Itey works the night shift down at the docks. It’s fitting really, because he’s prone to insomnia, and there are really only so many Korean infomercials a guy can take in one lifetime.
It’s a tough job sometimes, unloading heavy boxes and operating forklifts on two hours of sleep and cataloguing inventory until his eyes can‘t keep the numbers and letters separate anymore, but he doesn’t mind. Sometimes after a really, really long stretch of sleeplessness, he’ll leave the warehouse at five a.m., step out into the first rays of dawn. All he sees of his dismal surroundings is the white-gold glow reflected off ship paneling and the sea, dancing across the skyline of the city nearby.
Meeting Skittery is an accident, but a happy one. It’s a Thursday morning, the sun’s only just risen, and already the humidity is thick and oppressive. Itey’s water has been shut off back home for maintenance, and he needs a drink like crazy. His only option is the 7-Eleven down the way, centrally located in the roughest stretch of street Itey’s ever known. He’s no stranger to this area, though; he’s lived all of his life in this neighborhood and learned to dance on its asphalt. Problem is, he’s not really up to the trip; it’s a white-gold kind of morning and all he wants is to be home in his bed trying to coax his restless mind to sleep.
He drags himself through the heavy glass doors and goes for the fridges in the back, gathering up a few bottles of Dasani. The shop is silent, just as it always is this early in the morning, and the quiet buzzes in his ears like static from a television.
Hi Kloppman, he begins to sign, dropping his things on the counter, but then stops, confused. It isn’t Kloppman at the register but a young guy in a pink shirt, his face gone pale.
"Jesus Christ!" the guy cries, hand flying up to clutch at his chest. "Don’t just sneak up on a person like that! What the hell were you thinking?"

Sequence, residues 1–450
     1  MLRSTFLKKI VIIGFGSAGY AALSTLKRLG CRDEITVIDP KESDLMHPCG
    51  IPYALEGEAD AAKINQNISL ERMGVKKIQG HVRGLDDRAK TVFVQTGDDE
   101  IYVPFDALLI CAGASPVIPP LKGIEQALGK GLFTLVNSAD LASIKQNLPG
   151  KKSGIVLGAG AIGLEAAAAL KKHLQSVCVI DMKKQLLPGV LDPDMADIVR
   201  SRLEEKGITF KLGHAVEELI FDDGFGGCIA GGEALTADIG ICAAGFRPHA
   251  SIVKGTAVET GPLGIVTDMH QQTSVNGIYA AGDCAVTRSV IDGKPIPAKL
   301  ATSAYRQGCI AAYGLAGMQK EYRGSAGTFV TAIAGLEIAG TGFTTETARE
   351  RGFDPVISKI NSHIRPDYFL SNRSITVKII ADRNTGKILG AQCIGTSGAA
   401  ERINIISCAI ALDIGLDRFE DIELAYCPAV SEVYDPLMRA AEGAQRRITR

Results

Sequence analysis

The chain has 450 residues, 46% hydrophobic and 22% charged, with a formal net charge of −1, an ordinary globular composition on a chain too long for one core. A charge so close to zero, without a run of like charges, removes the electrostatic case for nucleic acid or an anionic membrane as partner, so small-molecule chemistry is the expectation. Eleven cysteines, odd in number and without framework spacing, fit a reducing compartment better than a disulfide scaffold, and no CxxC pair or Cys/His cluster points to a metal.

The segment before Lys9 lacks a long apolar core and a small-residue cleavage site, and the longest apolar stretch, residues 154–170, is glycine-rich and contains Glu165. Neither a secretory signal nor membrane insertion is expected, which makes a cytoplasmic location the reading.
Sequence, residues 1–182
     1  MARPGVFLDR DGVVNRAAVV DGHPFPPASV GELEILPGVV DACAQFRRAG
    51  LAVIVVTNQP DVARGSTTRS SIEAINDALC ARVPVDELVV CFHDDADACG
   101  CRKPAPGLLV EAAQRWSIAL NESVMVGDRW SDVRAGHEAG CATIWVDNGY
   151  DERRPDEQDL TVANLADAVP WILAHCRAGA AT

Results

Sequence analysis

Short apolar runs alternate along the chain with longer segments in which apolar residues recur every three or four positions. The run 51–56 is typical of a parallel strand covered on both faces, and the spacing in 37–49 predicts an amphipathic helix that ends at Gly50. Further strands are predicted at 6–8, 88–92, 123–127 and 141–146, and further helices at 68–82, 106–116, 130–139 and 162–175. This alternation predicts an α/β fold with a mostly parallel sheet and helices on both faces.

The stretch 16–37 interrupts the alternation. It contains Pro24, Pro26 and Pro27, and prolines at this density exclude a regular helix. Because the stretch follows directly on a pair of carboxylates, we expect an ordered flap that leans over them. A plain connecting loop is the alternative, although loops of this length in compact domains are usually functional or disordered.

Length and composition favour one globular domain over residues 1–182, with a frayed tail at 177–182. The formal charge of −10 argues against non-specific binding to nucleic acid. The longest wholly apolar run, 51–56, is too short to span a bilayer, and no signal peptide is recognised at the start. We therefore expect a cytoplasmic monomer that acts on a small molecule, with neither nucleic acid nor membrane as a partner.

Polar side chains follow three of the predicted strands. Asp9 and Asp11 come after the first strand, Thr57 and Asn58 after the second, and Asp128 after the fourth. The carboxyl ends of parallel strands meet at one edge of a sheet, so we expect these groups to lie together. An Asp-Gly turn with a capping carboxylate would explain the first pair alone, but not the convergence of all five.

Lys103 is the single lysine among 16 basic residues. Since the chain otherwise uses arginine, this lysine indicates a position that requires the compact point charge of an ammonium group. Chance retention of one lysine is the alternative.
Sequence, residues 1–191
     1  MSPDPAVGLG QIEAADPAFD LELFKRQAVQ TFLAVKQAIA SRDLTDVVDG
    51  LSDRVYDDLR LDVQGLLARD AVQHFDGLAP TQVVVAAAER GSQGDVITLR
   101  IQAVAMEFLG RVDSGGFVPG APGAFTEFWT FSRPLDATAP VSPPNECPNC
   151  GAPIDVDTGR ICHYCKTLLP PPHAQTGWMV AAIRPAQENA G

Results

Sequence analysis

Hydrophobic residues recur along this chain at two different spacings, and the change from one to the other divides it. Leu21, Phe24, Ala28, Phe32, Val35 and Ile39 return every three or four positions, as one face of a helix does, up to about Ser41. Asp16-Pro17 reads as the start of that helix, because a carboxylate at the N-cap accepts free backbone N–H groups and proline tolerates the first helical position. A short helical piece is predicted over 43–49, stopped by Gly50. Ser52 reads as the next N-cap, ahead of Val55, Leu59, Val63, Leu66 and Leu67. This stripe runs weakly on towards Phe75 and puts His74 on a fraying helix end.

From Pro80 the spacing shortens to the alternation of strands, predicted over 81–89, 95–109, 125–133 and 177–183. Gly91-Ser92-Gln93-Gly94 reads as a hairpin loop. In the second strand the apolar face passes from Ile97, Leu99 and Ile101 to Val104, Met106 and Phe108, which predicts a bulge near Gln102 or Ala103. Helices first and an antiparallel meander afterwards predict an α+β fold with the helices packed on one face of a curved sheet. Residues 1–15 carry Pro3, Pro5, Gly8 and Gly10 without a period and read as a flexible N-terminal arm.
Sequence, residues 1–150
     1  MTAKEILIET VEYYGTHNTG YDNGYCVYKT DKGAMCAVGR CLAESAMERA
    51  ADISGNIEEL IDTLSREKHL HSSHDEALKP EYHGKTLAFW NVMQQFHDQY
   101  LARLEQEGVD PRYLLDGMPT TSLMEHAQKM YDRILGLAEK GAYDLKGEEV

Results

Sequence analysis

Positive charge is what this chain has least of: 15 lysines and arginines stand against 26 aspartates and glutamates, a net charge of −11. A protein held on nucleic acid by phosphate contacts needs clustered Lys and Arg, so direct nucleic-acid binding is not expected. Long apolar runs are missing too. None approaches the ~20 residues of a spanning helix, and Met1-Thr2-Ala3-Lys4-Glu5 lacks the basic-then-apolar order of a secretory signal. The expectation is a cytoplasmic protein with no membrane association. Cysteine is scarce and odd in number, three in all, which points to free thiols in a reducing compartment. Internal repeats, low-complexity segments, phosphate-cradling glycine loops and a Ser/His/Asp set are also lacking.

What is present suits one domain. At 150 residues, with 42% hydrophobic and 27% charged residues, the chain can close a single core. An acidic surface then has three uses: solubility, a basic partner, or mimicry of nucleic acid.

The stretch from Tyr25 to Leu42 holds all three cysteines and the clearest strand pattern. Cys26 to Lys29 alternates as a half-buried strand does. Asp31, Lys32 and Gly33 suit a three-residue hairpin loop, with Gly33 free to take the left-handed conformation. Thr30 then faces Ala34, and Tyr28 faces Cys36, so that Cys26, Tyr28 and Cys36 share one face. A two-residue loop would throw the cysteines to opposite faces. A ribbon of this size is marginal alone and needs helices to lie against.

Itey blinks, a bit unimpressed, and then bounces his shoulders up and down in a shrug. Sorry, he signs, and the stranger stops mid-huff to drop his jaw on the floor. Wasn’t quite the reaction Itey had expected, but at least it’s entertaining.
"Oh," the cashier says after an intensely awkward moment. "Oh, shit, man--sorry, sorry...I didn’t know...fuck, uh..." He scratches his head frantically and attempts to sign something back, does something that looks nothing like sign language but does appear a bit rude, and Itey would bust up laughing if he had a voice to laugh with.
He pulls the little block of Post-Its he keeps in his pocket out, and gestures to the pen the cashier has tucked behind his ear. The guy scrambles to pass it to him.
dont sweat it Itey writes. i can hear you
"Ah," the guy says, bright red flush still blazing away on his face. "Sorry, I’m just. Kind of a dumbass. You know. You scared the shit out of me!"
Itey grins. The guy is cute in a frightened animal kind of way. He’s got messy hair, a nice nose, and dark, deep-set eyes. He’s pretty tall, too, which always earns a person points in Itey‘s book. Maybe half-Italian, maybe not. Pleasant voice.
new here? writes Itey. The guy coughs.
"Uh," he says, staring down at the pen like he’s contemplating maybe using it too. "Nah. I usually work afternoon."
kloppman put you on night duty Itey writes back.
The guy scratches his head again. Itey would make a comment about anxiety and going bald if he thought it’d go over well. It won’t, clearly.
"Yeah," is all the guy says, and shuffles his feet. "You a regular?"
Itey studies him for a moment, and he can’t help but smile a bit wider. He’s making the guy nervous. It’s pretty fun. Itey nods.
"Oh," is the reply. "You’re stuck with me now, then."
got a name? Itey asks. The guy fidgets; points to his badge. EVAN, it reads.
"People just call me Skitts though," he tells Itey, frowning.